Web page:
United States District Court, D. Massachusetts
MEMORANDUM AND ORDER
ALLISON D. BURROUGHS, UNITED STATES DISTRICT JUDGE
reasons stated below, the Court directs The Bournwood
Hospital to file and serve either a motion or an answer to
the complaint. In the event that The Bournwood Hospital files
a motion, Plaintiff will have 14 days after the motion is
served to respond. The Court defers ruling on the pending
motions to dismiss until The Bournwood Hospital has answered
or filed its motion to dismiss.
August 31, 2016, Precious Okereke (“Okereke”),
proceeding pro se, filed a complaint against Six
Unknown Boston Police Officers (“the Removing
Defendants”), Boston Medical Center
(“BMC”), and The Bournwood Hospital in the
Middlessex Superior Court of the Commonwealth of
Massachusetts asserting various claims arising from an
incident in which Okereke was allegedly arrested and brought
to Boston Medical Center. [ECF No. 12].
September 23, 2016, counsel for The Bournwood Hospital (whose
true name is First Psychiatric Planners, Inc.) filed a notice
of appearance and notice of intent to file a motion to
dismiss. [ECF No. 12, p. 6]. On September 28, 2016, BMC
counsel filed a notice of appearance Id. On October
6, 2016, BMC filed a notice of intent to file a motion to
dismiss. Id. The same day, on October 6, 2016, the
Removing Defendants filed a Notice of Removal on the grounds
of federal question jurisdiction under 28 U.S.C. § 1331.
[ECF No. 1]. The Notice of Removal was Signed only by counsel
for the Removing Defendants.
October 14, 2016, co-defendant The Bournwood Hospital filed
in the instant action its Notice of Pending Motion to Dismiss
in State Court [ECF No. 5] stating that at the time of
removal, it had a motion to dismiss pending in the state
court, which Okereke opposed. Although The Bournwood Hospital
filed a motion to dismiss in state court, the motion has not
been filed in this federal court, nor has The Bournwood
Hospital otherwise answered.
October 24, 2016, a motion to dismiss for failure to state a
claim was filed by the Removing Defendants [ECF No. 8]. Two
days later, on October 26, 2016, BMC filed a motion to
dismiss for failure to state a claim. [ECF No. 10].
though Okereke has not challenged removal, the Court has a
duty to inquire, sua sponte, into its subject matter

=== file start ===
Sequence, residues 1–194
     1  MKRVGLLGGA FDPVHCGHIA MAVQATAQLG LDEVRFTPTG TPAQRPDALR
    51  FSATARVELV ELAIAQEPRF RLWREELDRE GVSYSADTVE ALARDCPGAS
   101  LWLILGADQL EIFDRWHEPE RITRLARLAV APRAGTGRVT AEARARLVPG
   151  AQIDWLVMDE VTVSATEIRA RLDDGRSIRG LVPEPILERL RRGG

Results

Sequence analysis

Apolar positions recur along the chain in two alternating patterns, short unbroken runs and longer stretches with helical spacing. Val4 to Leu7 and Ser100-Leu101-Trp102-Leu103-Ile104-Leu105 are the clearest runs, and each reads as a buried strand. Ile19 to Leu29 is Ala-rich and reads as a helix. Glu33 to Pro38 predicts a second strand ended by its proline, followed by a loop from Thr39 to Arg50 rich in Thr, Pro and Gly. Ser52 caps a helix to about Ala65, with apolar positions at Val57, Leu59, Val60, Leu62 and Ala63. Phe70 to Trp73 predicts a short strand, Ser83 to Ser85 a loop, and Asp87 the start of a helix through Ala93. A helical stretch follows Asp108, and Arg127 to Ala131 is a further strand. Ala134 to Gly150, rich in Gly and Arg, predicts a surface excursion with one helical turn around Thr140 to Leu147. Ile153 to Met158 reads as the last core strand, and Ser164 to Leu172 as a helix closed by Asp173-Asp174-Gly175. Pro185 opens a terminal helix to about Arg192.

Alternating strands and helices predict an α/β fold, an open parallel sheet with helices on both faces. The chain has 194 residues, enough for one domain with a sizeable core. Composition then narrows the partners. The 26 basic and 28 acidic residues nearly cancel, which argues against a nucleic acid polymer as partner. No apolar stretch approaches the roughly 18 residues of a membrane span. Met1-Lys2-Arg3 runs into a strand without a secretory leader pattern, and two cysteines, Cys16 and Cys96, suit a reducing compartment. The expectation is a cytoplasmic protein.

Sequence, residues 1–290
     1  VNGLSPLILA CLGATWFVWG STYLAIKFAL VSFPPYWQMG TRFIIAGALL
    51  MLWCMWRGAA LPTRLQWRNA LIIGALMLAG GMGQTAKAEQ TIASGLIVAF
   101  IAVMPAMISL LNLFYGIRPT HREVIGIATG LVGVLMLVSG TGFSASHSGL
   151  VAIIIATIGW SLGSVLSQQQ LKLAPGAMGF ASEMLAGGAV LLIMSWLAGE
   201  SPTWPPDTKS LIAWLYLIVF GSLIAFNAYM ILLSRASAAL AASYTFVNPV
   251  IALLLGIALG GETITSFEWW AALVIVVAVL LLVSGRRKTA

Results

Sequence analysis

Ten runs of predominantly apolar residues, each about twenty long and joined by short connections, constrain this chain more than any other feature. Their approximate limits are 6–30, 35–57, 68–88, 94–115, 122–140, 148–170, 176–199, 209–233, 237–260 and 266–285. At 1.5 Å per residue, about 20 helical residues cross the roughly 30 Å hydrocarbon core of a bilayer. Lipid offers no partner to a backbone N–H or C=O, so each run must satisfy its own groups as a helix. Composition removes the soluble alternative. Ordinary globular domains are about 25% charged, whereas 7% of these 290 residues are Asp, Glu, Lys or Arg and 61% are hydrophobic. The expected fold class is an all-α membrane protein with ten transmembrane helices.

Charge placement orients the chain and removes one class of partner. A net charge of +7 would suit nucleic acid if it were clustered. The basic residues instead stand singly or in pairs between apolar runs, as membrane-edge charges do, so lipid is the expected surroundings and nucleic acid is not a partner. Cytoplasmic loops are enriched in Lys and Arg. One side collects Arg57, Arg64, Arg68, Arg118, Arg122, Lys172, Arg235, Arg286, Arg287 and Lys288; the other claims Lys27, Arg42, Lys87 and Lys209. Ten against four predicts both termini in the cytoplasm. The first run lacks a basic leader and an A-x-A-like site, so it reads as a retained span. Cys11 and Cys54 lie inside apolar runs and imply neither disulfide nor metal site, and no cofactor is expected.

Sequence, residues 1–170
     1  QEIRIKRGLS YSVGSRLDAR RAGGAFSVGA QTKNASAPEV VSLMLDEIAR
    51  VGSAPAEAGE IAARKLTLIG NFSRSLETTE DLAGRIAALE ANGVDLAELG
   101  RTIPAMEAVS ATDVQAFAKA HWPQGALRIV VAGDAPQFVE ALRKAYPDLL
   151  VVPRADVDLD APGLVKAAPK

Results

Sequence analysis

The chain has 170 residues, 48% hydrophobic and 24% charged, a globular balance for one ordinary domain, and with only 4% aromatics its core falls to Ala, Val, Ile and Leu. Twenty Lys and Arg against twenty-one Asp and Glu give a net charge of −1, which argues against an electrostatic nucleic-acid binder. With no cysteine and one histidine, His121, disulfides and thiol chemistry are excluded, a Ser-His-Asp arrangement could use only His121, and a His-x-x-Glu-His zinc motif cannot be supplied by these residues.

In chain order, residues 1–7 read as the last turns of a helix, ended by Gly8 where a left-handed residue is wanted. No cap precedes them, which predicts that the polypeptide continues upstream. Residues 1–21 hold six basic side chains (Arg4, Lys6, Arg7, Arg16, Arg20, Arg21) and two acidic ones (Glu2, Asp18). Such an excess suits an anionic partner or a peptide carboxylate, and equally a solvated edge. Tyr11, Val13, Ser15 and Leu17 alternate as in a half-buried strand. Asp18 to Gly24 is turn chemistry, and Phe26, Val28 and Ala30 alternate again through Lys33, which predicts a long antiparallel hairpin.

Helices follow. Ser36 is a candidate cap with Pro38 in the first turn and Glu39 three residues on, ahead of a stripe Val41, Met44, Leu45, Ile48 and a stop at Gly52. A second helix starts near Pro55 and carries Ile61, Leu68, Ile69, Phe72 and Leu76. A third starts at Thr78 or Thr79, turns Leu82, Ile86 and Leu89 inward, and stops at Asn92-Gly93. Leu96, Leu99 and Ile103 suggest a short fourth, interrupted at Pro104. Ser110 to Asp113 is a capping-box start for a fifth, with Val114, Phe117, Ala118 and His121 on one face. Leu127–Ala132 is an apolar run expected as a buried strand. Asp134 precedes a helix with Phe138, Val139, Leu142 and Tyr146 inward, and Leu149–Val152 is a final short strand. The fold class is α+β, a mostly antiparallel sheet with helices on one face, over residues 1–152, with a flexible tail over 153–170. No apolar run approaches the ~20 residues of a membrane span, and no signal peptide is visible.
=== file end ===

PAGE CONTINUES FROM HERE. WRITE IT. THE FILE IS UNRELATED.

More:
jurisdiction. See Arbaugh v. Y & H Corp., 546
U.S. 500, 506 (2006).
removal statute provides that “any civil action brought
in a State court of which the district courts of the United
States have original jurisdiction, may be removed by the
defendant or the defendants, to the district court of the
United States for the district and division embracing the
place where such action is pending.” 28 U.S.C. §
1441(a). The procedure for removal is set out in Section
1446, and provides, in relevant part, that “when a
civil action is removed solely under section 1441(a), all
defendants who have been properly joined and served must join
in or consent to the removal of the action.” 28
U.S.C. § 1446(b)(2)(A) (2011) (emphasis added). Section
1447(c) provides parties thirty days from removal in which to
seek remand, but requires remand “at any time before
final judgment [if] it appears that the district court lacks
subject matter jurisdiction.” 28 U.S.C. § 1447(c).
procedures for removal are to be strictly construed.”
Syngenta Crop. Prot., Inc. v. Henson, 537 U.S. 28,
32 (2002); see also Danca v. Private Health Care Sys.,
Inc., 185 F.3d 1, 4 (1st Cir. 1999). In general, courts
will only allow removal with the unanimous consent of all
defendants. Chicago, Rock Island & Pac. Ry. Co. v.
Martin, 178 U.S. 245, 248 (1900); Esposito v. Home
Depot U.S.A., Inc., 590 F.3d 72, 75 (1st Cir. 2009).
This “rule of unanimity” has been codified in the
2011 amendments to Section 1446. Griffioen v. Cedar
Rapids & Iowa City Ry. Co., 785 F.3d 1182, 1186 (8th
Cir. 2015) (citing Federal Courts Jurisdiction and Venue
Clarification Act of 2011, Pub.L. 112-63, § 103, 125
Stat. 758, 760 (codified as amended at 28 U.S.C. §
the co-defendants have not explicitly consented to removal, a
remand is not necessary because this Court has federal
question jurisdiction over plaintiff's civil rights
claims and the parties failed to bring a timely motion to
remand. Courts have held that violation of the unanimity rule
is a procedural, not a jurisdictional, defect that is waived
if not objected to within thirty days after removal.
See 28 U.S.C.§ 1447(c); see also
Esposito, 590 F.3d at 77 (one defendant's failure to
consent to the other defendant's notice of removal within
the statutory 30 day time limit constituted a defect in
procedure, rather than jurisdiction); Universal Truck
& Equip. Co. v. Southworth-Milton, Inc., 765 F.3d
103, 110 (1st Cir. 2014) (citing Parrino v. FHP,
Inc., 146 F.3d 699, 703 (9th Cir.1998) (“one
defendant's failure to consent to removal within 30 days,
as required by § 1446(b)(2)(A) & (B), was not fatal
to federal court adjudication”)); Samaan v. St.
Joseph Hosp., 670 F.3d 21, 28 (1st Cir. 2012) (by
failing to object to a procedural defect within 30 days of
removal, defendant waived any such objection pursuant to
§ 1447(c)); Ellenburg v. Spartan Motors Chassis,
Inc., 519 F.3d 192, 198 (4th Cir. 2008)
(“[s]ection 1447(c) effectively assigns to the parties
the responsibility of policing non-jurisdictional questions
regarding the propriety of removal, permitting them to assert
a procedural defect or to waive the defect if they choose to
remain in the federal forum”).
no party brought a timely motion to remand based on a defect
in the removal procedure, and any objection is therefore
waived. Wright & Miller, Fed. Prac. & Proc. §
3739 (noting that even a district court's sua